www.thebodyworker.com


Explorations in the Theory and Practice 
of Massage Therapy and Bodywork 


Home ] Buy Books ] Business ] Marketing ] Building Your Web Presence ] Insurance Billing ] Ethics ] Pathology ] Deep Tissue ] Aromatherapy Massage ] Swedish Massage ] Pregnancy Massage ] Hydrotherapy ] Professional Associations ] Laws and Regulations ] History of Massage ] Triggerpoint Therapy ] Sports Massage ] Psychology ] Mentoring ] Self Care ] Supervision ] Peer Groups ] Massage Techniques ] Anatomy and Kinesiology ] Meridians ] Clinical Massage ] Finding  Massage Therapists ] Site Search ] Site Map ] Purchase Manuals ] About this Site ] Free Newsletter ] Contact ]

Get Engaged! Participate in your profession!
 Bulletin Board     Newsletter      Blog   

 

Customer Service

Customer service is everything that happens from the time the person even thinks about getting a massage to the first contact which is usually the phone call. It is important that service begin in the ad or website that directed the client to you. 

  Here are some things to consider regarding that first call:

  1. Do you have a phone answering service, message machine or voice mail service?  Message machines and  voice mail are acceptable in this day. Having an answering service or receptionist would be preferable but is not always affordable in private practice.
  2. Is your message too lengthy, (too many instructions that go on and on that they hang up before they figure out what to do) or  too short (not enough information so they don't know what to do).
  3. Does the machine/mail box have enough space for the client to leave the information they need to?
  4. Does the call waiting cut their calls off?
  5. Are they able to get to the appropriate mailbox easily?
  6. If you have a receptionist, they have to be kept up to date as to your schedule, etc.
  7. Is the receptionist always courteous and friendly?  Or rushed and sound like the caller is interrupting their lunch?
So you've gotten a call from someone wanting an appointment.  Here are some things that you should prepare for:
 
  1. This is the most important:  Are ALL calls returned within a few hours?  Calls should never go unanswered over night.  Make time in your schedule everyday if necessary to return calls.
  2. Be prepared to describe your service: What type of work do you do? What are your fees?  What is your cancellation policy?
  3. Prepare a short questionnaire to see if you and the client seem compatible?  What kind of massage have they had before?  What are the details on the injury/problem?  Is this something you work with?
  4. Start an information card on the client so you can have some information on them when they come in for their appointment.  What are they contacting you about?  What is their physical complaint?  Who referred them?
  5. Have a brochure and business card you can send if they are not ready to make an appointment yet.  You may want to include in it a special offer such as a complimentary consultation to try your work, or a discount off services.  If you are sending them something, keep a record of their address so they can be included in future mailings of special offerings.


So you have them in the office.  Keep these points in mind.

  1. Are you on time for the appointment?
  2. Is the treatment room ready for them?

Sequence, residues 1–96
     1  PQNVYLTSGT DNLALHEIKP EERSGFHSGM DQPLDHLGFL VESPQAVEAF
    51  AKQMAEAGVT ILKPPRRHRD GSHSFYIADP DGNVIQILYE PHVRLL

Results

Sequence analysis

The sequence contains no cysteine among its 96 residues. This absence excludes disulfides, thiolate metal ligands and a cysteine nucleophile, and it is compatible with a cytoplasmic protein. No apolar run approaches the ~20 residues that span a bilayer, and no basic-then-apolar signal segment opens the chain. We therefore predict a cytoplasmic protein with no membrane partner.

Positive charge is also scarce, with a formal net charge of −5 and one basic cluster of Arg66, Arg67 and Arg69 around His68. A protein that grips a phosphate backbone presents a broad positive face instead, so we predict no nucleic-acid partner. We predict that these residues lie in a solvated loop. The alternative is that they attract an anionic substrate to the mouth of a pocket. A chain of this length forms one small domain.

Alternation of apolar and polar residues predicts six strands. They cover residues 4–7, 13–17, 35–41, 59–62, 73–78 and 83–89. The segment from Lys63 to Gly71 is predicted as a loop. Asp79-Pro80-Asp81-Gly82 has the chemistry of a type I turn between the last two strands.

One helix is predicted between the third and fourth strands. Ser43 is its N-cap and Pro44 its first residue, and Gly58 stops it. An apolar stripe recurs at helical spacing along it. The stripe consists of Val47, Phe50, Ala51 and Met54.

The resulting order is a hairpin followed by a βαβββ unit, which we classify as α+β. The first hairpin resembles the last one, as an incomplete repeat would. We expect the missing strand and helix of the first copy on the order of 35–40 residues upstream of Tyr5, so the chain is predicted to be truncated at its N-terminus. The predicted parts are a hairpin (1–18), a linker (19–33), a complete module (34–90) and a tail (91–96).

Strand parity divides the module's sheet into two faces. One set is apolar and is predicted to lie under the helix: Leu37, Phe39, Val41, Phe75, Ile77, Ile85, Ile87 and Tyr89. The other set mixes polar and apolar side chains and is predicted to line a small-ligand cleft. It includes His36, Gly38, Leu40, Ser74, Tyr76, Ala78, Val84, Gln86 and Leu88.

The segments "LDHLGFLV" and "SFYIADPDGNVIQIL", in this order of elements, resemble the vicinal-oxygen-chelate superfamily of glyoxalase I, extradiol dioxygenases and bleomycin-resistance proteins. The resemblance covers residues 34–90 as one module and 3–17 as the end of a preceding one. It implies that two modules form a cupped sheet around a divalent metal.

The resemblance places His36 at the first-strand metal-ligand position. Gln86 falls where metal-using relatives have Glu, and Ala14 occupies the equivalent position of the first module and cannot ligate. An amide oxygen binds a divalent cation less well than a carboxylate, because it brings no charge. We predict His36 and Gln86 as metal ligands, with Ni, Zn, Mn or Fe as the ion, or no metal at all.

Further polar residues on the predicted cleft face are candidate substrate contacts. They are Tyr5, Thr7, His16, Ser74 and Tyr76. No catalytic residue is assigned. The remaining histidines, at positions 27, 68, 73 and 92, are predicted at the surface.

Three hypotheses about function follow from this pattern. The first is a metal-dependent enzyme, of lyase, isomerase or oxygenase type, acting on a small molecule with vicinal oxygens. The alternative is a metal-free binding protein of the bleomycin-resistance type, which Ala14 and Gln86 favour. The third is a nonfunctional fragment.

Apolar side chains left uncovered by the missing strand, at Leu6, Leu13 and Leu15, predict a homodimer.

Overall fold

3. Is the office clean and presentable?
  4. Do you listen closely to their concerns/ health intake answers?
  5. Do you take notes on what they are telling you?
  6. You may want to review your policies with them or have that included in an intake form.
While on the table:
  1. Is the temperature of the room adequate?  Not too cold? Not too hot?
  2. Are you in constant contact with the client regarding what you are doing and what they are experiencing?  Is there pain, discomfort, relief?
  3. Are you watching their responses? Do you encourage them to respond vocally, physically, emotionally to the treatment?
Note: Most people will never tell you how they really feel.  Your communication is vital in the treatment.  Be specific in asking people how they are at all times. People tell you what they think they should say.  Some think a little discomfort is to be tolerated.  Some think they are supposed to tolerate a cold room, music they can't stand, or room lighting.  They don't want to hurt your feelings or let on to their true feelings.

After the treatment:

  1. Provide water and suggest drinking specific quantities of water, taking a detox bath (epsom salt, baking soda, sea salt) or any other specific self care instructions.
  2. Make sure they leave grounded and balanced
  3. Make an appointment for their next session.
  4. Tell them to call if they have any questions about anything - the treatment, how they felt that night, how they feel the day after, what kind of lotion/oil did you use.
  5. Call the client the next day or two and ask for specific feedback regarding the treatment.  How is your neck, back, shoulder?  If they didn't make an appointment when they left, ask if they want to make one now or later.
Remember, each client chooses to come to you for a specific reason.  Each client is like a special gift from the universe - A chance to serve, a chance to learn.  You never know what will come of one session.  Will they send their whole family to you, their whole office?  Will they never come again because you never asked them too.  This is a grand opportunity to provide a safe place for healing, rejuvenating and renewing life energy.
 

Find out more ways to enhance your practice when you join www.massagepracticebuilder.com

 

 

 

                   

 

 

 

 

 

 
Search:
Keywords:

 

 

© 1999-2005 www.thebodyworker.com (copyright info and disclaimer)Link Exchange
Visit my other sites: www.themassage-directory.com  www.massagetherapycareers.com       www.massagepracticebuilder.com


About Me                Contact Me